House price rises continue in Luxembourg
October 17, 2011
House prices in Luxembourg have been rising since the second half of 2009, after almost two years of house price falls, with lower interest rates boosting demand.
The average apartment price rose 2.12% during the second quarter, and is 6.73% up on the same quarter last year, at €3,896 per square metre (sq. m.)., according to Observatoire de L’ Habitat. Year-on-year, prices are higher both for existing flats (6.73%) and for apartments under construction (5.27%).
House sale prices rose 4.24% (0.68% inflation-adjusted) during the year to end-Q2 2011, according to the Ministere du Logement.
Most mortgage loans in Luxembourg are variable rate, making the housing market sensitive to interest rate changes. As of September 2011, the harmonized long-term interest rate stood at 2.27%, down from 2.59% the previous month, according to the European Central Bank ( ECB).
In Q2 2011, the volume of real estate sales rose by almost €7 million, 8.5% up on the previous quarter. Demand for apartments remains strong, thanks to continued economic recovery. The economy is expected to expand by 4% in 2011.
Interest rates sharply down!
Luxembourg’s mortgage interest rates fell to an average of 2.4% in Q2 2009, in line with ECB key rate cuts, from 4.5% in Q4 2008. Most loans in Luxembourg are variable rate, rendering households very sensitive to interest rate changes. Credit conditions had tightened in early 2006, and by Q3 2008 mortgage interest rates had rose to 5.2%, from 3.7% in Q1 2006.
The average loan-to-value ratio stood at more than 85% in 2008, with around 50% of all mortgages had a loan maturity of 25 years and over.
A large mortgage market
Luxembourg’s mortgage debt as percentage of GDP has greatly increased over the last ten years, from 22% in 1999 to 40% in 2008. Mortgage market growth continued in 2008, despite the economic downturn, although at a slower pace. The value of loans for house purchases rose 7.6% in 2008, down from 22% in 2007, bringing the value of outstanding mortgage loans to €14.9 billion.
Rents unaffected by large supply increase
Average rents were relatively unchanged in Q2 2009, due to the regulated rental market despite an increase in the newly-built properties, by 91.7% in available houses for rent, and by 60% increase in available apartments for rent between Q2 2008 and Q2 2009. The enormous increase in supply of houses can possibly be explained by the preference of the residents of Luxembourg. That is, most of the residents are attracted to houses.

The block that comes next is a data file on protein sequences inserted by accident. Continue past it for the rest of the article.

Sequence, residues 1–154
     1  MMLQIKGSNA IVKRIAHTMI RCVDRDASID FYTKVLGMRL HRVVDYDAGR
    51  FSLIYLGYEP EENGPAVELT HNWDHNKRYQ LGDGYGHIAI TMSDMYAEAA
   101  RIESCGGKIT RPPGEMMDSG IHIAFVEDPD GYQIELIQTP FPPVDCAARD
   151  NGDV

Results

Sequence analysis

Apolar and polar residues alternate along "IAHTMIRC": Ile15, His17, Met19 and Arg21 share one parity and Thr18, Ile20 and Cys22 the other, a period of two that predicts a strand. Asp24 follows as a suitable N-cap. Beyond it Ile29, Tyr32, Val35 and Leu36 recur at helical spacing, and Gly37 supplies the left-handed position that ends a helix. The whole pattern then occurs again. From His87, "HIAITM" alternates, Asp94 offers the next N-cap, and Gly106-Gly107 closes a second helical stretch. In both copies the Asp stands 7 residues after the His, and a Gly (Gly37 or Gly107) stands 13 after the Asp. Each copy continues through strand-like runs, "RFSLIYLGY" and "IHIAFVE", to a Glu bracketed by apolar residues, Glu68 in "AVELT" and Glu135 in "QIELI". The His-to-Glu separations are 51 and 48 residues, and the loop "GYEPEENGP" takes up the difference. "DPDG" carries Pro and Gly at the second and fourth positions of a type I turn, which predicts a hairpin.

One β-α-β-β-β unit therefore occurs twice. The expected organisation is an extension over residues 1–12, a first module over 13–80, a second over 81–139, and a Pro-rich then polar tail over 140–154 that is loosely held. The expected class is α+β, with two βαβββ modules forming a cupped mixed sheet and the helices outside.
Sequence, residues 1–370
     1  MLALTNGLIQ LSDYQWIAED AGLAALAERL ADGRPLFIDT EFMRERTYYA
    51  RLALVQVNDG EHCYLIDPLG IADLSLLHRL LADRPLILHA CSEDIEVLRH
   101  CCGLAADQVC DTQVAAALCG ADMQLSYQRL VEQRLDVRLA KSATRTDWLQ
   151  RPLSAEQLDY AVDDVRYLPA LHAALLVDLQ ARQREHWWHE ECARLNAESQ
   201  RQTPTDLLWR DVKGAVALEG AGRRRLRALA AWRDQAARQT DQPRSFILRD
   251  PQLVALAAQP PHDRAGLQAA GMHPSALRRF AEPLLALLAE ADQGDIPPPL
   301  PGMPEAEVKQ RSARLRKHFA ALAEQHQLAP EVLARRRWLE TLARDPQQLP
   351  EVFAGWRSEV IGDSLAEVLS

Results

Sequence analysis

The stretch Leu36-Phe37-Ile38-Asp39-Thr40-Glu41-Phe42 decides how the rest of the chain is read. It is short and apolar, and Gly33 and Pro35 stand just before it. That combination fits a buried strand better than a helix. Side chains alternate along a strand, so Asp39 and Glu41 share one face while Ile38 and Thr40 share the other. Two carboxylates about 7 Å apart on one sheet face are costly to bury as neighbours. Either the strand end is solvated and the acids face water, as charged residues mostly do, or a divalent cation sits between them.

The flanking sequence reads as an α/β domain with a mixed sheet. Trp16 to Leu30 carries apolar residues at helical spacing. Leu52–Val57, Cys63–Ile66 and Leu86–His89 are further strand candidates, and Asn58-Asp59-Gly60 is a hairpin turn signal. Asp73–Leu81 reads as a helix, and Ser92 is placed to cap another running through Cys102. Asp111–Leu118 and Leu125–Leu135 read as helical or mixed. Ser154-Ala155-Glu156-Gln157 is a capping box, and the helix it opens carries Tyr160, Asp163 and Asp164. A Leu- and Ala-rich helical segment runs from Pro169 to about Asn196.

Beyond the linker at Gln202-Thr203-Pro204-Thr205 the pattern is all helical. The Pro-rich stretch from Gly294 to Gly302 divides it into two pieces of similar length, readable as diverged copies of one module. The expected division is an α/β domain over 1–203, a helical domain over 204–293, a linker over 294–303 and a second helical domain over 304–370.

According to Observatoire de l´Habitat , average house rents were up 0.49% in Q2 2009 on the year, while apartment rents were down by 0.95%, . In March 2009, rental yields in Luxembourg ranged from 3.6% to 5.2%, according to Global Property Guide research, with 40 sq. m. apartments having the highest yields.
Homeownership in Luxembourg is relatively high, with 74.7% owner-occupancy, according to Banque Centrale du Luxembourg. Tenants’ rights are well protected. Most property is rented unfurnished, but for furnished properties, the rent cannot be more than double the previous rate. Rents can only be increased every three years.
Tax changes are boosting supply
With a 2,586 sq. km land area (about the size of Paris Metropolitan Area), land is scarce in Luxembourg, and the price of land available for construction significantly affects house prices.
To encourage construction, a “super-reduced” tax of 3% was introduced in 2002 on construction and renovation. The government also reduced capital gains tax on the sale of real estate, from 50% to 25%.
The total number of dwelling permits granted rose to 4,934 in 2007, from 2,956 in 2002. However, the total number of dwellings authorized in 2008 dropped to 4,017 units (1,125 houses and 2,743 apartments).
Still in recession
Luxembourg’s economy entered recession in Q4 2008 with a contraction of 3.6% q-o-q, after a 0.6% contraction in Q3 2008. The country’s economic slump continued in Q1 2009 with GDP contracting by 1.5% from the previous quarter.
The recession is expected to deepen during the rest of 2009, because the country’s financial sector, the main driver of economic growth, has been heavily affected by the global financial crisis. GDP is expected to contract by 4% in 2009, after a 0.9% contraction in 2008. Unemployment had risen to 5.4% by June 2009, up from 4.4% in 2008.